Thursday, February 07, 2008

Bienvenue à Kin La Belle

A few impressions from my first days in Kinshasa.

The glorious music - soukous, rumba congolese, ndombolo - that is pumping from everywhere, from buses, cars, and the little roadside bars that are always filled with a populace that most consume more litres of beer per capita during an average year that the Irish. Despite the terrible suffering they endured during the pillages of the 1990s and the brutal street fighting between the forces of President Joseph Kabila and former rebel leader turned senator Jean-Pierre Bemba, the indomitable spirit of the Kinois dances on.

The weather, sultry and steamy in this city of 8 million along the Congo River, it makes the palms droop lazily under alternately moody gray and blazing skies.

A young boy, no more than ten years old, waving an armless stump at me as my car was stuck in traffic. Not much shocks me anymore, but this shoeless child missing a limb at an intersection and begging for money did. There are several thousand abandonné like him in Kinshasa, and tens of thousands more making a living on the very margins of the economy here.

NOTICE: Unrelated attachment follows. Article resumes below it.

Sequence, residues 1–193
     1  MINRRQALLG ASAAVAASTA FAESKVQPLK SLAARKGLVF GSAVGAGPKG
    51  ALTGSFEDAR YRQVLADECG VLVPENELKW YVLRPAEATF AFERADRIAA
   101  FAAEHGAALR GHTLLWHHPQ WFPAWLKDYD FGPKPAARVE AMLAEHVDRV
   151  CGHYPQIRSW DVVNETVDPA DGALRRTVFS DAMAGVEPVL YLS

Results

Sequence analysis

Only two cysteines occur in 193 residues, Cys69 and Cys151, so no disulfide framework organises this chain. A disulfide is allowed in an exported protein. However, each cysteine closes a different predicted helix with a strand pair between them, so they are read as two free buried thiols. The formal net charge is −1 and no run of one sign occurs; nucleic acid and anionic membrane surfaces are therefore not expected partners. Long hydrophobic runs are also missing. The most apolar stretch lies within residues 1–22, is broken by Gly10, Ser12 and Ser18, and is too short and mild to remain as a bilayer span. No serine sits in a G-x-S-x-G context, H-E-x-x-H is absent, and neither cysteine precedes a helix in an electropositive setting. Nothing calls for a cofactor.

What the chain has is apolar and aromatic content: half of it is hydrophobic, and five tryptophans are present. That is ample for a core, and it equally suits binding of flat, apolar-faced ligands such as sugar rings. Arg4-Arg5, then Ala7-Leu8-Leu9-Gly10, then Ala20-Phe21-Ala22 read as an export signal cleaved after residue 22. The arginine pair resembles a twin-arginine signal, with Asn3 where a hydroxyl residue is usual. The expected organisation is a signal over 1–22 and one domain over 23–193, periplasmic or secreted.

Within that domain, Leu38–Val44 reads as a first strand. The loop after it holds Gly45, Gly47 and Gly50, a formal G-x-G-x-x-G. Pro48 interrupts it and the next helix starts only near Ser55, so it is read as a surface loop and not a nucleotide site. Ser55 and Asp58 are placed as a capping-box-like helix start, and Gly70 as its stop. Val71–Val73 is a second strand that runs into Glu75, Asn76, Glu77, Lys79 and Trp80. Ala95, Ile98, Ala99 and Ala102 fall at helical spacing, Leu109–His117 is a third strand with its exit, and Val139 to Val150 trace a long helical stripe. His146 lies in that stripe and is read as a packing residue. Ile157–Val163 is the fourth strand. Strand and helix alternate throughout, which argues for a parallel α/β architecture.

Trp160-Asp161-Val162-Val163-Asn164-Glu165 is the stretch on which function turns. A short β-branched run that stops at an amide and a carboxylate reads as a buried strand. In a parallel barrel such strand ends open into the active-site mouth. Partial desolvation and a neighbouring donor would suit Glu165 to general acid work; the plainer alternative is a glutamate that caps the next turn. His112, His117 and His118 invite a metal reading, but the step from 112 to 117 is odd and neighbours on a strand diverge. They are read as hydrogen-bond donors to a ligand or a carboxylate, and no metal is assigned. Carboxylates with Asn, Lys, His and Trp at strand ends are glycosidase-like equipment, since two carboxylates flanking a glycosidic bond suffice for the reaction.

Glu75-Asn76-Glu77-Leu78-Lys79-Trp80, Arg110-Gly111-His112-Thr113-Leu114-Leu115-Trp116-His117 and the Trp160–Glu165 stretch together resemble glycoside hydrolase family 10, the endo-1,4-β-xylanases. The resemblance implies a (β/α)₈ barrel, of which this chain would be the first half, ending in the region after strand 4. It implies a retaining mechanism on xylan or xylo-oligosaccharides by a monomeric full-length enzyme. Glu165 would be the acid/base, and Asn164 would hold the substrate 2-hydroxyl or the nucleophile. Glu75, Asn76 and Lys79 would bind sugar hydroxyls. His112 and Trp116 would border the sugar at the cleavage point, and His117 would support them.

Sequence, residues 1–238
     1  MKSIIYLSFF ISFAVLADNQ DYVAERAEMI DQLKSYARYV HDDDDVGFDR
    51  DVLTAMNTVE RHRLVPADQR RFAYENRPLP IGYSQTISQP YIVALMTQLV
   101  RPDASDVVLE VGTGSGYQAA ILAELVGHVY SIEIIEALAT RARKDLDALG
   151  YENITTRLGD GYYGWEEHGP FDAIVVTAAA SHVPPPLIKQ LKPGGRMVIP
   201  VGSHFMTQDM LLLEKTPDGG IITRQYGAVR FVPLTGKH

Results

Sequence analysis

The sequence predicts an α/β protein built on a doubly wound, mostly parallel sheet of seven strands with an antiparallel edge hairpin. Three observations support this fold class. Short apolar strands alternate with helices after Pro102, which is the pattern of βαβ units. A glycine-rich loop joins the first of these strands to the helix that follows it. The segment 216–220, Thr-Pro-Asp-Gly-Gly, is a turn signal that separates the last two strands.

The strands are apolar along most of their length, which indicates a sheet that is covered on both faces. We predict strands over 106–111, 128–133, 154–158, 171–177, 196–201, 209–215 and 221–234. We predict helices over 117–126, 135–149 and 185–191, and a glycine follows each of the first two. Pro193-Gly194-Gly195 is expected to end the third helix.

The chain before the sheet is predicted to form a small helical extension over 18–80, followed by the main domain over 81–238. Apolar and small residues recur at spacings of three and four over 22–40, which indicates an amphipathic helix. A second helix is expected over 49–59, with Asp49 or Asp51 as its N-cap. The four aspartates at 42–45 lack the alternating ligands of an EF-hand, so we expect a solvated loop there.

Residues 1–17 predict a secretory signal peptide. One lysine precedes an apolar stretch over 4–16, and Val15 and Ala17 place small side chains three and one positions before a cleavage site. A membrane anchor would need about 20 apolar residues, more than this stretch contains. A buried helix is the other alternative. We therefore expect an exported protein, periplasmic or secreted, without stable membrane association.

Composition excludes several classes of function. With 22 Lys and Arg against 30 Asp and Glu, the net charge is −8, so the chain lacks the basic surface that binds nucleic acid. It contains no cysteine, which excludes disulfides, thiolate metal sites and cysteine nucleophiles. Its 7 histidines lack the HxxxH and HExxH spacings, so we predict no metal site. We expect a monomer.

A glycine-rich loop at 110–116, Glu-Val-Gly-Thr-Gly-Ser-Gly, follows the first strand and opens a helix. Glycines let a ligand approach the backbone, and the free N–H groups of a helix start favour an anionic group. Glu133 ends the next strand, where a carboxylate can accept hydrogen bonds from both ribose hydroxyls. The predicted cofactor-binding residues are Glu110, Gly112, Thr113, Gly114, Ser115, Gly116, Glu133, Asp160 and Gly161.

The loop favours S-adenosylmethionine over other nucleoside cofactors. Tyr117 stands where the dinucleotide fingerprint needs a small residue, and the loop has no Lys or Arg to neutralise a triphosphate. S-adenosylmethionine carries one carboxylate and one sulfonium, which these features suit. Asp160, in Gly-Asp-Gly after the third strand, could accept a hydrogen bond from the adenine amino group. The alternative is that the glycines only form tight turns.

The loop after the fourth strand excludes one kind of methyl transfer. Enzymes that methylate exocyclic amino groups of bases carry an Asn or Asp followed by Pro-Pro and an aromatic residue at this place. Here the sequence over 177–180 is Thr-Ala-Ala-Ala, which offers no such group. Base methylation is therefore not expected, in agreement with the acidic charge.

The boisterous, witty, warm spirit of the people. Reminiscent of the Haitians, the Kinois are a very friendly and welcoming lot, who enjoy the moment and the brief transitory pleasures that come from a life lived in a place where tomorrow is never assured and the winds of change blow with an unpredictable force.

Settling into a new apartment now for what promises to be a highly interesting couple of months, likombo esalité.


Mira Kamdar said...

Beautiful glimpse into your new world!

eve said...

you make it sound safe to visit, is it?

Anonymous said...

You are in for a treat. Have you met up with your fellow bloggers, also living in Kin? There is

Cedric Kalonji at

Extra Extra at

Congogirl at


who used to live in Kin in Gombe, Limete, Lemba-Foire, Lemba-Salongo